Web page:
A better predictor of the severity of COVID-19
Diagnostic tests played a crucial role during the global wave of COVID-19. The gold standard for infection with severe acute respiratory syndrome coronavirus 2 (SARS-CoV-2) continues to remain molecular tests such as reverse transcriptase polymerase chain reaction (RT-PCR) performed on nasopharyngeal swabs (NP). More recent tests, for example – chemiluminescent immunoassays (CLIA) and simple molecular matrices (Simoa), have also shown a good correlation with RT-PCR on NP swabs, at least for cycle thresholds.
Despite the high sensitivity of RT-PCR, the correlation between RT-PCR results of NP swabs and disease severity has been disputed. In addition, the variability of cycle cutoff (Ct) values depending on the sampling procedure, as well as the likelihood of false negatives, are some of the disadvantages associated with RT-PCR results from NP swabs collected. before symptoms appear. As a result, it is possible to improve the diagnosis of SARS-CoV-2 infection. The ideal diagnostic test should be able to detect viral presence with similar or greater sensitivity than RT-PCR performed on NP swabs, with a superior estimate of prognostic value, in addition to requiring readily accessible biological samples. .
Routinely, blood samples are used to determine the concentration of antibodies. Yet this technique is rarely used in cases of acute infection or because of the possibility of pre-existing circulating antibodies. Another alternative is to examine the antigen in non-respiratory fluids like the bloodstream, which is supported by evidence that SARS-CoV-2 migrates from the lungs to the bloodstream.
In this perspective, a new study published on the medRxiv* preprint server analyzed the clinical efficacy of two serum antigen tests to identify SARS CoV-2 infection and assess the kinetics of serum nucleocapsid (N) antigen in severe and non-severe patients for the prediction of the severity of the disease.
Here, the serum N antigen was assessed using CLIA and Simoa, and severity cutoffs were established. This study involved 90 patients and 243 blood samples taken at various times after the onset of symptoms. The severity of the disease was assessed using the World Health Organization (WHO) Clinical Progression Scale. The flowchart of the study (in accordance with the Declaration of Helsinki) has been illustrated below:
Study flow diagram
The commercial SARS-CoV-2 N-Protein Advantage kit, a sandwich enzyme immunoassay (ELISA) based on paramagnetic microbeads, was used to examine the samples. CLIA detected the SARS-CoV-2 N antigen in the serum of patients. RT PCR for the detection of SARS-CoV-2 in NP swab samples was performed by targeting the N2 and E genes. Data were analyzed using descriptive statistics. All longitudinal samples of the research population were used to estimate the temporal kinetics curves using smoothing splines with four nodes.
It was found that in individuals with severe symptoms, the maximum antigenic response was detected on day 7 using both tests. Following this, a decrease was recorded in the antigenic reaction up to day 20. The antigenic response in non-severe individuals corresponded to a plateau phase which gradually decreased over time. Using the Simoa test, the difference in kinetics between severe and non-severe individuals was more discernible.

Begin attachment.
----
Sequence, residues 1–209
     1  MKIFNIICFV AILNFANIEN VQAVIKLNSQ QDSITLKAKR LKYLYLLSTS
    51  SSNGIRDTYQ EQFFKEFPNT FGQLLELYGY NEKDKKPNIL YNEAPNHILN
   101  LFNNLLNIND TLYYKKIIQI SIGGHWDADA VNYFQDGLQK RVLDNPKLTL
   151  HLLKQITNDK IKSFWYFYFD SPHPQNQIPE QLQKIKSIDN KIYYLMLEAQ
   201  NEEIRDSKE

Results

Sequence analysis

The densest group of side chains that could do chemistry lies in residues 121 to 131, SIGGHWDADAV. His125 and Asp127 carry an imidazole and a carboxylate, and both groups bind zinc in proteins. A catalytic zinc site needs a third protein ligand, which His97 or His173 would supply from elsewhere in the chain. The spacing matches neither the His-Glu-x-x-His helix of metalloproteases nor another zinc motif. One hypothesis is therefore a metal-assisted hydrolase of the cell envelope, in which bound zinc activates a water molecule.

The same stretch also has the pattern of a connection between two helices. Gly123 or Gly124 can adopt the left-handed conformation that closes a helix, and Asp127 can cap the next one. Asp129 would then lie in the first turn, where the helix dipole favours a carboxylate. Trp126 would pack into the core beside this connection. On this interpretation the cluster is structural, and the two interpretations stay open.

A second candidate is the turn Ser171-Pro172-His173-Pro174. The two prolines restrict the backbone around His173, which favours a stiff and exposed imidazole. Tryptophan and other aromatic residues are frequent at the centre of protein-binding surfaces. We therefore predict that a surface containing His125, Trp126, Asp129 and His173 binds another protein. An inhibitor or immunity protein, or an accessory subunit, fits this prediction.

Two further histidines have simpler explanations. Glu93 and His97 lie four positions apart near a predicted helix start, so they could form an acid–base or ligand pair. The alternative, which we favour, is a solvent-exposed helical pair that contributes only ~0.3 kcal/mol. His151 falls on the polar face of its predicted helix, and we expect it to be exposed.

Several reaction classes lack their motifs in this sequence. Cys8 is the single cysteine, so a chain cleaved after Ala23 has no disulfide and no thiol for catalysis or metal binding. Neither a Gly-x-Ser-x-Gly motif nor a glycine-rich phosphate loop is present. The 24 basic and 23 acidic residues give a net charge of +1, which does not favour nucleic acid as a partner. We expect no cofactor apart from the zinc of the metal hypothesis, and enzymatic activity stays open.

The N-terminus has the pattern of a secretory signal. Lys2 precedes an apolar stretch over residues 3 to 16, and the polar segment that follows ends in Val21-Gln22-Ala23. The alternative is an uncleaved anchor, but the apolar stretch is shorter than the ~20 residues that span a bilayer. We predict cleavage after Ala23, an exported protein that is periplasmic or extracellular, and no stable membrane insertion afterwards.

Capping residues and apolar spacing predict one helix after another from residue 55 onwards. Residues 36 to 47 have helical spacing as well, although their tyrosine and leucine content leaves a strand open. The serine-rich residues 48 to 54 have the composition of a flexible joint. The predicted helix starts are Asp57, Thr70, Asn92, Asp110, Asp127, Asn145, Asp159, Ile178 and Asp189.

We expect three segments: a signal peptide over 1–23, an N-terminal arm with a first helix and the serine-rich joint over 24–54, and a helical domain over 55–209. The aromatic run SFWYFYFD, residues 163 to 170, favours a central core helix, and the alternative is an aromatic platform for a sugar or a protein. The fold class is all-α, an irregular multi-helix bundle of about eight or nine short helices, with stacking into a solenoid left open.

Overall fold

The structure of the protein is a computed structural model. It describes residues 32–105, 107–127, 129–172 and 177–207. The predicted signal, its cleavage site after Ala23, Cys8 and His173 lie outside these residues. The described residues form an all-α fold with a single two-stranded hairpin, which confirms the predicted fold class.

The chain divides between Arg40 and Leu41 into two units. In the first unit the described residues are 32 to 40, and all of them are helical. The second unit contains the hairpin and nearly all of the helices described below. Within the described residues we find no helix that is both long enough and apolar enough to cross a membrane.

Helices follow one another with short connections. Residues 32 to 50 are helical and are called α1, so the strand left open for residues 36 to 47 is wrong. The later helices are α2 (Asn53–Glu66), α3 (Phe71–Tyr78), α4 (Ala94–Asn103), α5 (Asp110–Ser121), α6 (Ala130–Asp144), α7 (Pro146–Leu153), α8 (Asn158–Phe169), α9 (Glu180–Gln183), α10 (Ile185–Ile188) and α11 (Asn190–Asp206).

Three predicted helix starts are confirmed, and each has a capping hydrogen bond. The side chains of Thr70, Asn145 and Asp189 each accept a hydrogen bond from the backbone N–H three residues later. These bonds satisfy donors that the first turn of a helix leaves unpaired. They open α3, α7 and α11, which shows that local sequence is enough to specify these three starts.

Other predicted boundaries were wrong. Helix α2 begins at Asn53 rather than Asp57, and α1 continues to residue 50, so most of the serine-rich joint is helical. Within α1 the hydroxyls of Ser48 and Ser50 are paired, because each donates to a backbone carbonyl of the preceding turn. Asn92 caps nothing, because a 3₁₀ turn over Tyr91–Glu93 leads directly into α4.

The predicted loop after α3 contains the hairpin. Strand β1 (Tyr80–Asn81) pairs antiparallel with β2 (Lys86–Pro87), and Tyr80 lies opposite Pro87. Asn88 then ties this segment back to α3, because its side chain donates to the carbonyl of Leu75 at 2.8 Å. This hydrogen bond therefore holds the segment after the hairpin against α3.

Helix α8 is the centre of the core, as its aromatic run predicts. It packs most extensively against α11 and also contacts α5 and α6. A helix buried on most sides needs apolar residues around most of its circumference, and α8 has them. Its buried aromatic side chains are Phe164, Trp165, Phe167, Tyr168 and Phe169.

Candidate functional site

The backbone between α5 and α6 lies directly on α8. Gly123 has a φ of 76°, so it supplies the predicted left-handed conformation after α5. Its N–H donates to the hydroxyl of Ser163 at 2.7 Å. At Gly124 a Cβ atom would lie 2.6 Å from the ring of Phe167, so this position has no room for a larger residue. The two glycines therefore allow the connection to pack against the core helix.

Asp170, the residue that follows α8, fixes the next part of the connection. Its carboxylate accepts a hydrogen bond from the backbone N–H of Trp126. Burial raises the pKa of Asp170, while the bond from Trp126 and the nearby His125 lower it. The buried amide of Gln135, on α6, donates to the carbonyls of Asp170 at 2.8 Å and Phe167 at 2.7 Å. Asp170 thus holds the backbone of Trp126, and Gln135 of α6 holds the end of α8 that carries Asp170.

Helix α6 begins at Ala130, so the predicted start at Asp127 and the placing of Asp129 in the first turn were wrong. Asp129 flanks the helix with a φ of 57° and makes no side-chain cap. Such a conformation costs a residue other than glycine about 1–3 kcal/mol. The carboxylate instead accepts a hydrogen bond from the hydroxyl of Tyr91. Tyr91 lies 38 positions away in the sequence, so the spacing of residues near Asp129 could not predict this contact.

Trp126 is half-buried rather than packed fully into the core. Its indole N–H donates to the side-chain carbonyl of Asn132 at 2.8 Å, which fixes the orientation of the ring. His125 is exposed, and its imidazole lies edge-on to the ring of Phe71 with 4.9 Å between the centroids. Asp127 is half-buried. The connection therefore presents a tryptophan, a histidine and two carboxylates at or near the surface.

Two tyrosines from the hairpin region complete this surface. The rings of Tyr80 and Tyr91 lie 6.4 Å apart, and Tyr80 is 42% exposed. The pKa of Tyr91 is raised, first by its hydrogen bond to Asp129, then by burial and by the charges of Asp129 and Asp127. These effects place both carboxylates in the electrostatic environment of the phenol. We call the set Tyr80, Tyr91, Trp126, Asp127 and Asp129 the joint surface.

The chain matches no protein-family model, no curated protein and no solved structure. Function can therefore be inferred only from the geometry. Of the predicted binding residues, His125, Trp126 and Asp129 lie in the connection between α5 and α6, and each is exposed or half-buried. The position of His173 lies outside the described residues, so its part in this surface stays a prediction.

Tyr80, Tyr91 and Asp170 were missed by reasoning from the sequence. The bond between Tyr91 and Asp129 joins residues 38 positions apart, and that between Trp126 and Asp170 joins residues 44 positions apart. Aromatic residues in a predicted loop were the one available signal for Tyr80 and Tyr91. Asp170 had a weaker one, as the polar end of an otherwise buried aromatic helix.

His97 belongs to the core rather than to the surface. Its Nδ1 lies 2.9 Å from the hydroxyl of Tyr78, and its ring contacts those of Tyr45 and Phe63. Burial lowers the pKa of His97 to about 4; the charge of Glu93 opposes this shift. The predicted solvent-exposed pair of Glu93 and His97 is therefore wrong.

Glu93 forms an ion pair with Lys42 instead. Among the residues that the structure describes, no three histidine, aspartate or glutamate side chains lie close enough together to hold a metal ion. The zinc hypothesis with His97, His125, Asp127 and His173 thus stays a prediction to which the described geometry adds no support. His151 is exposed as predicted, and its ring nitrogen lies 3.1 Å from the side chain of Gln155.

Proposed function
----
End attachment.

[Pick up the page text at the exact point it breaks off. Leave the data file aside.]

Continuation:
Using these severity thresholds in kinetic models determined the optimal time from symptom onset in severe patients (i.e. 4-10 days). For both antigen assays, the clinical sensitivity was 100% and the clinical specificity was 92.3%.
In addition, when NP RT-PCR was used, the mean Ct value of asymptomatic patients was significantly higher than that of severe patients. At the same time, no significant difference was found between mild, moderate and severe patients. Serum antigen assays revealed that severe patients had higher antigen levels. The distinction between severe and non-severe patients was most evident between days 4 and 10.
On the Simoa and iFlash tests, the cut-offs for identifying patients at higher risk of severe disease were estimated at 5,043 pg / mL and a cut-off index (COI) of 313.8. The likelihood ratios for these cutoffs were 30.0 and 10.9, respectively, indicating their ability to differentiate severe from non-severe patients from day 2 to day 14.
Remarkably, patients with SARS-CoV-2 Spike IgG levels above the positive cutoff had statistically higher Ct values and decreased serum antigen levels. While the majority of patients (96.6%) with a negative SARS-CoV-2 Spike IgG were antigen positive in serum with both tests.
The analysis leads to the following conclusions.
- Detection of sensitive N antigen in serum offers an important new marker for the diagnosis of COVID-19 that is accessible in all clinical laboratories and requires only a blood test.
- It enables further prospective improvements to create rapid antigenic blood tests or integrated ELISAs that detect both antigens and antibodies.
- Significantly, assessing antigenemia in the first two weeks after symptom onset can help identify those at risk for developing severe COVID-19.
- These tests are more convenient as testing procedures for patients and may potentially improve clinical triage to optimize intensive care use.
medRxiv publishes preliminary scientific reports which are not peer reviewed and, therefore, should not be considered conclusive, guide clinical practice / health-related behavior, or treated as established information.